Conclusion? Designers and people involved in design fight to be sustainable; they put their efforts in growing something, often intangible, rather than creating objects that you can buy and throw away when obsolete.
Typography is not only for reading and must not be a pain. Typography can be a game and a lot of fun.
At the beginning of September I went to see Weingart Typografie at the Museum of Design in Zurich. I spent a couple of hours there looking at his work and the work made by his students. And, while I was sketching and taking notes, all of a sudden, Weingart entered the exhibition room and I said hello and he looked at me and asked me if he had taught me…
On my way out I bought a copy of 30 Years of Swiss Typographic Discourse in the Typogrfische Monatsblätter: TM RSI SGM 1960-90 published by Lars Müller Publishers. Typogrfische Monatsblätter was a typographic journal that became a discussion platform for professionals in the field of typesetting and printing.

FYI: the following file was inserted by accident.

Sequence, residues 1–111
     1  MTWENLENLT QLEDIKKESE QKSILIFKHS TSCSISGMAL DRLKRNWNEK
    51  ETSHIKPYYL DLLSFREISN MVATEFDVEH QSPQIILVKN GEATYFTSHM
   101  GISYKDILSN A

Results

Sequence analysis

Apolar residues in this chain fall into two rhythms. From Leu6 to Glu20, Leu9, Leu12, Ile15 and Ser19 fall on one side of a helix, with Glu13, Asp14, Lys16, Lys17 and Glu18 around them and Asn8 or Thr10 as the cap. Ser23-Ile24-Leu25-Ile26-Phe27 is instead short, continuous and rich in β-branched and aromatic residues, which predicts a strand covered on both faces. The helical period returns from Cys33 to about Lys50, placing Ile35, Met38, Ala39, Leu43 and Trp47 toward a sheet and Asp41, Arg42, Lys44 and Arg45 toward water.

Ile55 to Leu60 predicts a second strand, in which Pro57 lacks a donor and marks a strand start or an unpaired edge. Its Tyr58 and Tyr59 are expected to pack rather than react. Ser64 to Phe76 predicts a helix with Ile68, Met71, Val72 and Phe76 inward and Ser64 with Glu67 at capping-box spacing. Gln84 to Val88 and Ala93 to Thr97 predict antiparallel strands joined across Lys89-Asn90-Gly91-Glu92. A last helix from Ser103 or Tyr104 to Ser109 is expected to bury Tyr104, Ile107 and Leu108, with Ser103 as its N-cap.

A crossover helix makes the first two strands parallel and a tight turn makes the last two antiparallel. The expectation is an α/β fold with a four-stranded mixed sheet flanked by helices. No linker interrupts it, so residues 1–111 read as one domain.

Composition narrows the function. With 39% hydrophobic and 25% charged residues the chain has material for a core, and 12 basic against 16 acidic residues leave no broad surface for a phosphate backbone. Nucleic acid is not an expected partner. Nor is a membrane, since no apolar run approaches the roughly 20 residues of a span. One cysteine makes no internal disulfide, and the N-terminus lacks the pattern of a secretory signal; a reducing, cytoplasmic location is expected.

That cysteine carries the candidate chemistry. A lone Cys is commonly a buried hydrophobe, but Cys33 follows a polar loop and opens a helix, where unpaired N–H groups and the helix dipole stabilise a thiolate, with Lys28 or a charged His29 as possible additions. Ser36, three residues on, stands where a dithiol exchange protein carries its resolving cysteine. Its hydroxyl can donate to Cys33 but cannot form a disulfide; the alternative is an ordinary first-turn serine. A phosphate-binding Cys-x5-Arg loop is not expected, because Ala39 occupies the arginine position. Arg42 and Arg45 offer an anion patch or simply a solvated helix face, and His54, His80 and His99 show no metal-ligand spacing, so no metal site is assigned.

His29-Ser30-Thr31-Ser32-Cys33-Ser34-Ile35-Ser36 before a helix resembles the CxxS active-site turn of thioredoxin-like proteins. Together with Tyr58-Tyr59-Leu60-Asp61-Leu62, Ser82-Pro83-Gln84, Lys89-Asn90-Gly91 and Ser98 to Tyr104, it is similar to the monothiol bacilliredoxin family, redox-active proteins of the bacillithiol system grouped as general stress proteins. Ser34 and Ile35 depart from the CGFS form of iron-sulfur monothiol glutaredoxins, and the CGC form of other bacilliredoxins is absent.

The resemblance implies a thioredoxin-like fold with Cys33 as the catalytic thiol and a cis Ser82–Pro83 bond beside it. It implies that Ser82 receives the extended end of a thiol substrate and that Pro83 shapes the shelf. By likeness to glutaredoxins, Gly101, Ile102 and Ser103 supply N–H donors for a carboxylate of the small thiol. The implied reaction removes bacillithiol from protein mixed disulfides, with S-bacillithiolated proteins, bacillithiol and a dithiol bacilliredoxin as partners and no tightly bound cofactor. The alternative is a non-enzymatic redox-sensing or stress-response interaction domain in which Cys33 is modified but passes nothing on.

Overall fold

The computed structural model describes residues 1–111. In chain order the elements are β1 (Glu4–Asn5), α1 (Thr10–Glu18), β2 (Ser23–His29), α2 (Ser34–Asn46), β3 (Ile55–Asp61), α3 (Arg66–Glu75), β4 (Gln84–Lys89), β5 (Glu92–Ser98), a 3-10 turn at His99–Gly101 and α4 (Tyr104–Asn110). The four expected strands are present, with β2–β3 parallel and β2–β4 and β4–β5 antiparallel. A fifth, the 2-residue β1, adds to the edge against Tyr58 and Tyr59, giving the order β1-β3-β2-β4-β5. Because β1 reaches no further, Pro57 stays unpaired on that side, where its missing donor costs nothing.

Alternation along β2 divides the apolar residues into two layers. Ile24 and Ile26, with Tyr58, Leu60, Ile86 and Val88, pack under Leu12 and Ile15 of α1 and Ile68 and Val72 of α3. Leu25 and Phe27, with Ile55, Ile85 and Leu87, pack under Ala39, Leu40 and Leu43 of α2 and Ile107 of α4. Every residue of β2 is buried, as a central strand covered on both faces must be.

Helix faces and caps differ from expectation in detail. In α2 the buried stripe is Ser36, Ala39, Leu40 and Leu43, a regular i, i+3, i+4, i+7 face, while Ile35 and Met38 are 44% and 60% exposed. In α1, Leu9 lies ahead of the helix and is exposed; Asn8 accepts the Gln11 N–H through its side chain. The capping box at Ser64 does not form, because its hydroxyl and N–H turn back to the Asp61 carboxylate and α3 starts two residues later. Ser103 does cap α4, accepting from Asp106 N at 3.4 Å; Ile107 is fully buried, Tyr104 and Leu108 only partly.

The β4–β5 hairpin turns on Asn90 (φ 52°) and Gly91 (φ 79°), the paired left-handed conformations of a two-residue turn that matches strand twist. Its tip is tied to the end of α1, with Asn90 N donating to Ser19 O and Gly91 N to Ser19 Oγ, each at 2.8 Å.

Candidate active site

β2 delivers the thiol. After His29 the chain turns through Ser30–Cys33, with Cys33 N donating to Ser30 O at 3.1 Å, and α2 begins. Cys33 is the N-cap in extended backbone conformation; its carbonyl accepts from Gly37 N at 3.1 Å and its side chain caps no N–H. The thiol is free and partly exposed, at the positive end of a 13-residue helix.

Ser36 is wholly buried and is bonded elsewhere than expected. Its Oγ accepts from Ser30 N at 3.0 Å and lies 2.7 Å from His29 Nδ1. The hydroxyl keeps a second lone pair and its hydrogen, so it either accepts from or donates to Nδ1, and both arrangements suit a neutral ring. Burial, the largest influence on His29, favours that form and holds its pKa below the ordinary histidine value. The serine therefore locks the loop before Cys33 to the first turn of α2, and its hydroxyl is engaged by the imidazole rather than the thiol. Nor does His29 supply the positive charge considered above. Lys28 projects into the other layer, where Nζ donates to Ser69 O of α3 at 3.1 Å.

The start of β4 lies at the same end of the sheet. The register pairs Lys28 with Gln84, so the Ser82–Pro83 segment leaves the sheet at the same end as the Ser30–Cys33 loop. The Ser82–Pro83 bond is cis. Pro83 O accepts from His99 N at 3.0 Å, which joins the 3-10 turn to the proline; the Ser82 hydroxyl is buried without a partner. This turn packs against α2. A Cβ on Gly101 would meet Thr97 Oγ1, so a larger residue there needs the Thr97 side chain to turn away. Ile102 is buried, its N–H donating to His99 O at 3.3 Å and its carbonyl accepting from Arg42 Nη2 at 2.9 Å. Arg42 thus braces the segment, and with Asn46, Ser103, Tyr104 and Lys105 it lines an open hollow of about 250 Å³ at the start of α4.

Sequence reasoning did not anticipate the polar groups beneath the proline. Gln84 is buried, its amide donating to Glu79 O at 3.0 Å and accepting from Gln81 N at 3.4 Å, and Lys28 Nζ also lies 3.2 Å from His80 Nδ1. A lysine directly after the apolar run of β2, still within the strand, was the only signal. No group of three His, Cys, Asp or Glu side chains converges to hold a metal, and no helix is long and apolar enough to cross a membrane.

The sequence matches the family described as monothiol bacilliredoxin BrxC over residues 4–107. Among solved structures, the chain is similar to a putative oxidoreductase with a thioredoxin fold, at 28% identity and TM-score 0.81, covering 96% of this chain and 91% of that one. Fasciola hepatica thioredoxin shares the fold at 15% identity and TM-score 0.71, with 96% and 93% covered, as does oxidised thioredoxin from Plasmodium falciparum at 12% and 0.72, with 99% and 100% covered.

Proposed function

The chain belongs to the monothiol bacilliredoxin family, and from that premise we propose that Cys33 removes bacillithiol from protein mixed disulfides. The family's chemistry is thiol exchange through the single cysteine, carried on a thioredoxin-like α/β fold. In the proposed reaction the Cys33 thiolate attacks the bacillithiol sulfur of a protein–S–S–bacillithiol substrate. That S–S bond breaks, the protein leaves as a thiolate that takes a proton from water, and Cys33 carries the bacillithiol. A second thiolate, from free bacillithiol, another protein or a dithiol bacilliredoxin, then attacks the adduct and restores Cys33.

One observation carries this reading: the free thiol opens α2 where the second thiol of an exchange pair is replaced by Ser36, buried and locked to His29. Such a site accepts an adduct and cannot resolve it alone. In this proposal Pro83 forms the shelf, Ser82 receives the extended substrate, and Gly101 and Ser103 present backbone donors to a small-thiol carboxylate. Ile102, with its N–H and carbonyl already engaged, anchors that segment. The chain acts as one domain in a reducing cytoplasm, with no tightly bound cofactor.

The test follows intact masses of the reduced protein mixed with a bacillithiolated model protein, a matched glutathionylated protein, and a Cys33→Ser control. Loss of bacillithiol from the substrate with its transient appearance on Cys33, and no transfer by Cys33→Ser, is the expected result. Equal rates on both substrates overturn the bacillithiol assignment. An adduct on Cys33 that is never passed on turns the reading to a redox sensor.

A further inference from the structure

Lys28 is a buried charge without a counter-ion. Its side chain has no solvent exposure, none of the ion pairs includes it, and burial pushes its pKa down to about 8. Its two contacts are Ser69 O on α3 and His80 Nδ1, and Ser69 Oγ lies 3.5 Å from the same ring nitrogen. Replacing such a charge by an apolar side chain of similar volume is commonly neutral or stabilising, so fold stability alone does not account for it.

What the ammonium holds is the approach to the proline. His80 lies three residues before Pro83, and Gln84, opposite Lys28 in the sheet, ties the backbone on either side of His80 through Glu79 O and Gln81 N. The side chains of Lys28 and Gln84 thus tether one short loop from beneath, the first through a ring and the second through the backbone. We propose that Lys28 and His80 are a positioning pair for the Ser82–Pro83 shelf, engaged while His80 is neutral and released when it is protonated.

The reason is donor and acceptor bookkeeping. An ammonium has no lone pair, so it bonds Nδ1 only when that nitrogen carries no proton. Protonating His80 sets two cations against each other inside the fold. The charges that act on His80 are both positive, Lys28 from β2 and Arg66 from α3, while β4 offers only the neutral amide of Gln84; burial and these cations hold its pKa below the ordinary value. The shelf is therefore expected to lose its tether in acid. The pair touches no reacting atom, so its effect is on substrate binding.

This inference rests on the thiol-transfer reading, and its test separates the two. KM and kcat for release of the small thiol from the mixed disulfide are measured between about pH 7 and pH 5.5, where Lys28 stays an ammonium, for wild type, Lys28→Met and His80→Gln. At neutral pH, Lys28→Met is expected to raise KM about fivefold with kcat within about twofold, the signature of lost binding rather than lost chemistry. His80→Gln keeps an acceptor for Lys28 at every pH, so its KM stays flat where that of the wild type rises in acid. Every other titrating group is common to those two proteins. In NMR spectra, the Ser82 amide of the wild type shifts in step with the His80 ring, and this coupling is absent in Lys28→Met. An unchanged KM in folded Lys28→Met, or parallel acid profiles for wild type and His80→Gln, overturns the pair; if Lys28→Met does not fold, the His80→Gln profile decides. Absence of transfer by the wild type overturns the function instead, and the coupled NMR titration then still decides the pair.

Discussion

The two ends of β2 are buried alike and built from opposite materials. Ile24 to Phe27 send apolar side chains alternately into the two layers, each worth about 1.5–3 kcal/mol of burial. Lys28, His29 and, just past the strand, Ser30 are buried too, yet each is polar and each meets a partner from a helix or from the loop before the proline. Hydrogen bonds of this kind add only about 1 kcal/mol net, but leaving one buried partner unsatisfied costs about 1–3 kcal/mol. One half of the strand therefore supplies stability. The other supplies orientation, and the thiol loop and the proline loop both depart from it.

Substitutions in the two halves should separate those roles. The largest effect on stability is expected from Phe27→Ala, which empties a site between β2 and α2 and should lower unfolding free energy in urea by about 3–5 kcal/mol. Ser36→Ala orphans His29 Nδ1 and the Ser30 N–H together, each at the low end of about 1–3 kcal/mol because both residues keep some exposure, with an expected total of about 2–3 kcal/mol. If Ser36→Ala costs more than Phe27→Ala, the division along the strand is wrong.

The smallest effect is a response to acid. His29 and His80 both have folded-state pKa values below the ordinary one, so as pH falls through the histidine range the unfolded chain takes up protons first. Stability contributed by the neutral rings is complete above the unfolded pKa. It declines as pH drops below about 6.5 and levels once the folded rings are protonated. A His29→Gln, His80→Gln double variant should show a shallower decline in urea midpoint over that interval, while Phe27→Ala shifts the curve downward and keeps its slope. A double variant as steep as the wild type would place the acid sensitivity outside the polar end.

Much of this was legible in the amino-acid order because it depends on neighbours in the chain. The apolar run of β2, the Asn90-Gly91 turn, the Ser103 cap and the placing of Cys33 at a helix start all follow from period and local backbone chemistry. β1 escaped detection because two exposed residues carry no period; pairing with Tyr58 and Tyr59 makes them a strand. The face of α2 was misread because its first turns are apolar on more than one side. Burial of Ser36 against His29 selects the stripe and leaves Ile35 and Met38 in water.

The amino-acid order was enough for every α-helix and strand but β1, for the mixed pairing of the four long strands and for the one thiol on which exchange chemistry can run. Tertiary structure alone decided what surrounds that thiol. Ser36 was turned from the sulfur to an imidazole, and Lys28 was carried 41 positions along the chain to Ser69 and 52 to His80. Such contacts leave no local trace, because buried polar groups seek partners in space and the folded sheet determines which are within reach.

In “Typografie ist eine Kunst für sich” from 1973, Tschichold called typographical game playing a hybrid decadence, stressing that a good typographer, unlike the self-aggrandising graphic designer, never actually feels free, he does not play, but rather follows the considerations of his reason.
30 Years of Swiss Typographic Discourse in the Typogrfische Monatsblätter, p.134
Is this typography worth supporting, or do we live on the moon? Typography is not dead, yet! But its effect is undoubtedly anaemic and vague. But, by and large, it is intact, it is definitely less than ever a practical skill. Instead, it endures as an intrinsic necessity. Typography lives! It is not regarded with the primacy of perhaps 10 or 20 years ago, and is comprehended less as a “picture”, but rather, more as a “text”. Nevertheless, it remains a prominent element of “visual communication”: indispensable, and occasionally fresh, even original.